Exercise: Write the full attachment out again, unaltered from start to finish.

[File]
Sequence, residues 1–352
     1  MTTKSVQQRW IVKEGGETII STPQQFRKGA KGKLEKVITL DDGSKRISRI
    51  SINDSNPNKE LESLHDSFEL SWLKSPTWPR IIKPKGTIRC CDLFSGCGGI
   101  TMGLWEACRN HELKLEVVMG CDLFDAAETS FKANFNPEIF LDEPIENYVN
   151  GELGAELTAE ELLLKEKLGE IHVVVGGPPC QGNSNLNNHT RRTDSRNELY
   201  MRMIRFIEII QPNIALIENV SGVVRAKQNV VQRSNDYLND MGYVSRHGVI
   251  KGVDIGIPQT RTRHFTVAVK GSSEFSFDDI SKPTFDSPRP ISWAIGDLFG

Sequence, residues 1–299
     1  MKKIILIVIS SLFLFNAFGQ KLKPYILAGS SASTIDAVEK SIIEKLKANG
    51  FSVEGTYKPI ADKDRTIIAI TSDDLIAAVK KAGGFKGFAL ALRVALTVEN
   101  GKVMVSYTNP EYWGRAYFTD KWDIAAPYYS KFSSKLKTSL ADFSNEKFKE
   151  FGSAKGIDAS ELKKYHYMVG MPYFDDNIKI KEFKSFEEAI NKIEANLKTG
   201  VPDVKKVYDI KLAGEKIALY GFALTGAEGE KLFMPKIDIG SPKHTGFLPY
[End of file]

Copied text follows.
Sequence, residues 1–352
     1  MTTKSVQQRW IVKEGGETII STPQQFRKGA KGKLEKVITL DDGSKRISRI
    51  SINDSNPNKE LESLHDSFEL SWLKSPTWPR IIKPKGTIRC CDLFSGCGGI
   101  TMGLWEACRN HELKLEVVMG CDLFDAAETS FKANFNPEIF LDEPIENYVN
   151  GELGAELTAE ELLLKEKLGE IHVVVGGPPC QGNSNLNNHT RRTDSRNELY
   201  MRMIRFIEII QPNIALIENV SGVVRAKQNV VQRSNDYLND MGYVSRHGVI
   251  KGVDIGIPQT RTRHFTVAVK GSSEFSFDDI SKPTFDSPRP ISWAIGDLFG

Sequence, residues 1–299
     1  MKKIILIVIS SLFLFNAFGQ KLKPYILAGS SASTIDAVEK SIIEKLKANG
    51  FSVEGTYKPI ADKDRTIIAI TSDDLIAAVK KAGGFKGFAL ALRVALTVEN
   101  GKVMVSYTNP EYWGRAYFTD KWDIAAPYYS KFSSKLKTSL ADFSNEKFKE
   151  FGSAKGIDAS ELKKYHYMVG MPYFDDNIKI KEFKSFEEAI NKIEANLKTG
   201  VPDVKKVYDI KLAGEKIALY GFALTGAEGE KLFMPKIDIG SPKHTGFLPY